BOSTON (AP) - Boston College must release 11 interviews with former Irish Republican Army members to British investigators looking into the 1972 abduction and killing of a Belfast woman, under a federal appeals court finding that the lower court overstepped its discretion by ordering the release of well more information than legally required.
The ruling by the 1st U.S. Circuit Court of Appeals on Friday reduces from 85 interviews of eight people - which the district court judge ordered the school to give to the Justice Department last year - to 11 interviews of seven people. The appeals court said the federal judge in Massachusetts had ordered the release of information that was not relevant to the probe.
Boston College researchers conducted extensive interviews with convicted IRA car bomber Dolours Price and others between 2001 and 2006 as part of The Belfast Project, taking oral histories to serve as a resource for journalists, scholars and historians studying the long conflict in Northern Ireland. The recordings were supposed to remain secret until the deaths of their subjects.
The Justice Department in 2011 asked the federal court to order Boston College to hand over copies or transcripts of all the interviews that contained information about the abduction or death of Jean McConville, citing a treaty with the United Kingdom that requires the two to help each other in criminal investigations. The request was part of a probe into Price. He died in January. His death was not considered suspicious.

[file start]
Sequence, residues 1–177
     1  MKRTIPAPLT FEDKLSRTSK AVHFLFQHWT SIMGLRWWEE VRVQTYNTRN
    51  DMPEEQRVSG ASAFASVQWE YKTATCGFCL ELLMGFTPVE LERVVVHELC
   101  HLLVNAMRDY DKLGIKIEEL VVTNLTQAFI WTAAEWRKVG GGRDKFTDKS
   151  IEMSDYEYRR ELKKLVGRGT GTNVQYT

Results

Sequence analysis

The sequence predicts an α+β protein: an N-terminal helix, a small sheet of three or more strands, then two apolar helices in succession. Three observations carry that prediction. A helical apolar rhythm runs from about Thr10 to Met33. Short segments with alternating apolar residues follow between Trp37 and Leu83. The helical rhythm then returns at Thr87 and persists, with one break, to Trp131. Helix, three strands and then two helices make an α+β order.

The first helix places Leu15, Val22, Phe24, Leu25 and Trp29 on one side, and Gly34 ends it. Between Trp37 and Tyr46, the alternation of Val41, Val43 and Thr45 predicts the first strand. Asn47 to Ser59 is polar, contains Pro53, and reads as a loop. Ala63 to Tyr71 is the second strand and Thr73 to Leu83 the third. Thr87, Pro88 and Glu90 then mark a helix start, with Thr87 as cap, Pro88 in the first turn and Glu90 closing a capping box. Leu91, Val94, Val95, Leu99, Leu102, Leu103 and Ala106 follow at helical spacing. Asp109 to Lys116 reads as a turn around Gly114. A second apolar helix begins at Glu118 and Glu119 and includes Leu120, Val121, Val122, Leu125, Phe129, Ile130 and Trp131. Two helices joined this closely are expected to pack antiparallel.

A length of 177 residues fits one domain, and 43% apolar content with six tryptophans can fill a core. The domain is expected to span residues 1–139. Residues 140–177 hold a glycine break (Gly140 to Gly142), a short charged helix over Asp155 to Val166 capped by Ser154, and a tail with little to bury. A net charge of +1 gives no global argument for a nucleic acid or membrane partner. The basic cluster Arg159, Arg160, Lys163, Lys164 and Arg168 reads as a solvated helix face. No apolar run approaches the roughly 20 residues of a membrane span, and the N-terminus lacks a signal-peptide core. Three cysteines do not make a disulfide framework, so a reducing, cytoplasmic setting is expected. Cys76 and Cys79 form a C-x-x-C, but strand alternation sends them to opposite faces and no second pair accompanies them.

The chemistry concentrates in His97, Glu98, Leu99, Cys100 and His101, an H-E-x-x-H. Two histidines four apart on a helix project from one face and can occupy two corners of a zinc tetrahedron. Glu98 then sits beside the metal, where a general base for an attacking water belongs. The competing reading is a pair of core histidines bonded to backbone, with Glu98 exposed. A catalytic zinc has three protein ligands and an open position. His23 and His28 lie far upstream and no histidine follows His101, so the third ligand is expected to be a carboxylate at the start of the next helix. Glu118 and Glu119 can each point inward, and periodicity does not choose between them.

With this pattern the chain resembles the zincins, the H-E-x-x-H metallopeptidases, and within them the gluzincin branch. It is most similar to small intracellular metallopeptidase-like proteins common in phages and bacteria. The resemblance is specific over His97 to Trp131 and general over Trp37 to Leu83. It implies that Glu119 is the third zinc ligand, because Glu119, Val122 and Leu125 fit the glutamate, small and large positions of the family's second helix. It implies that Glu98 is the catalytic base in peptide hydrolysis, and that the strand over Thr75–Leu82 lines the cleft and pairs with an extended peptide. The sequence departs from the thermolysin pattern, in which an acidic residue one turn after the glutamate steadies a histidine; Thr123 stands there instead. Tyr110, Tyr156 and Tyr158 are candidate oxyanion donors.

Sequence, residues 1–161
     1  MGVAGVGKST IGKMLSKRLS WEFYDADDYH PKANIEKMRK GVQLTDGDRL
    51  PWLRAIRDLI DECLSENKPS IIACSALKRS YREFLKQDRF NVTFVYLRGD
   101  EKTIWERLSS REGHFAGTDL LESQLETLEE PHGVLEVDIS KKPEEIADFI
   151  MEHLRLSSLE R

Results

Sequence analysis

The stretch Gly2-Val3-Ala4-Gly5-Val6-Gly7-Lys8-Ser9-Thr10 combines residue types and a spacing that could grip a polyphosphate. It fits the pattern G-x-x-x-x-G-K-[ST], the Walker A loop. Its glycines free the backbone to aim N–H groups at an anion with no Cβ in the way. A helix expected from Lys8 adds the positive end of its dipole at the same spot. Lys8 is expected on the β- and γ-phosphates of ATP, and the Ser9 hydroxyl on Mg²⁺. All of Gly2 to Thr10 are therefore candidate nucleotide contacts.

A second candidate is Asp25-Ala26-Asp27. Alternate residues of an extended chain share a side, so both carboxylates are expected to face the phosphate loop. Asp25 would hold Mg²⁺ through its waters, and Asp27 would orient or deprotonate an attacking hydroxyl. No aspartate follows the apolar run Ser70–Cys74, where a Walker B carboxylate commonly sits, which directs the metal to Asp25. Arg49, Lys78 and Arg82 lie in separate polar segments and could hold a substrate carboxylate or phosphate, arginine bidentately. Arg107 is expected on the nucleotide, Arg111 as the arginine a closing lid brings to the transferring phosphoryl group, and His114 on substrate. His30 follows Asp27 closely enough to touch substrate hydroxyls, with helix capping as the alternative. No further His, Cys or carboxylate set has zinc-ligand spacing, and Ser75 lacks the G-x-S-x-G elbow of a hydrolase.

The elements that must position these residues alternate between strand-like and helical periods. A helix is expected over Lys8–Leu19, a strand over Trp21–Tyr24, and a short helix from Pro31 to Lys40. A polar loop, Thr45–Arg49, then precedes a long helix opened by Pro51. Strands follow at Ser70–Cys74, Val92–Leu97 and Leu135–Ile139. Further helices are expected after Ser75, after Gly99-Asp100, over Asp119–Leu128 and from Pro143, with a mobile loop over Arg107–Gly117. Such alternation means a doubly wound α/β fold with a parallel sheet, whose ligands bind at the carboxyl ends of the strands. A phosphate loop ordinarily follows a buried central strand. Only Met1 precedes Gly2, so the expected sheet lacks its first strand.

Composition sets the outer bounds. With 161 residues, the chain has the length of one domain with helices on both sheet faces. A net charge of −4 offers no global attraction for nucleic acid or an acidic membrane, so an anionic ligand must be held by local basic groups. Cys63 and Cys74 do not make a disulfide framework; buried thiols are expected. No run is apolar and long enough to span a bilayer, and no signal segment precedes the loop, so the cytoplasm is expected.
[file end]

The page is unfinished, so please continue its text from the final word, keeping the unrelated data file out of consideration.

McConville's killing has received widespread media attention in Ireland because of allegations that Sinn Fein leader Gerry Adams commanded the IRA unit responsible for ordering her execution and secret burial. Adams has denied the accusation.
The federal judge reviewed more than 170 interviews of 24 people before arriving at the ruling, which Boston College appealed.
"After a detailed review of the materials in question, we find that the district court abused its discretion in ordering the production of several of the interviews which, after an in-detail reading of the same, do not contain any information relevant to the August 2011 subpoena," the appeals court said in a ruling posted online.
Christina DiIorio-Sterling, a spokeswoman for the federal prosecutor's office in Boston, said the office is reviewing the ruling. An attorney for Boston College did not immediately respond Saturday to a request for comment.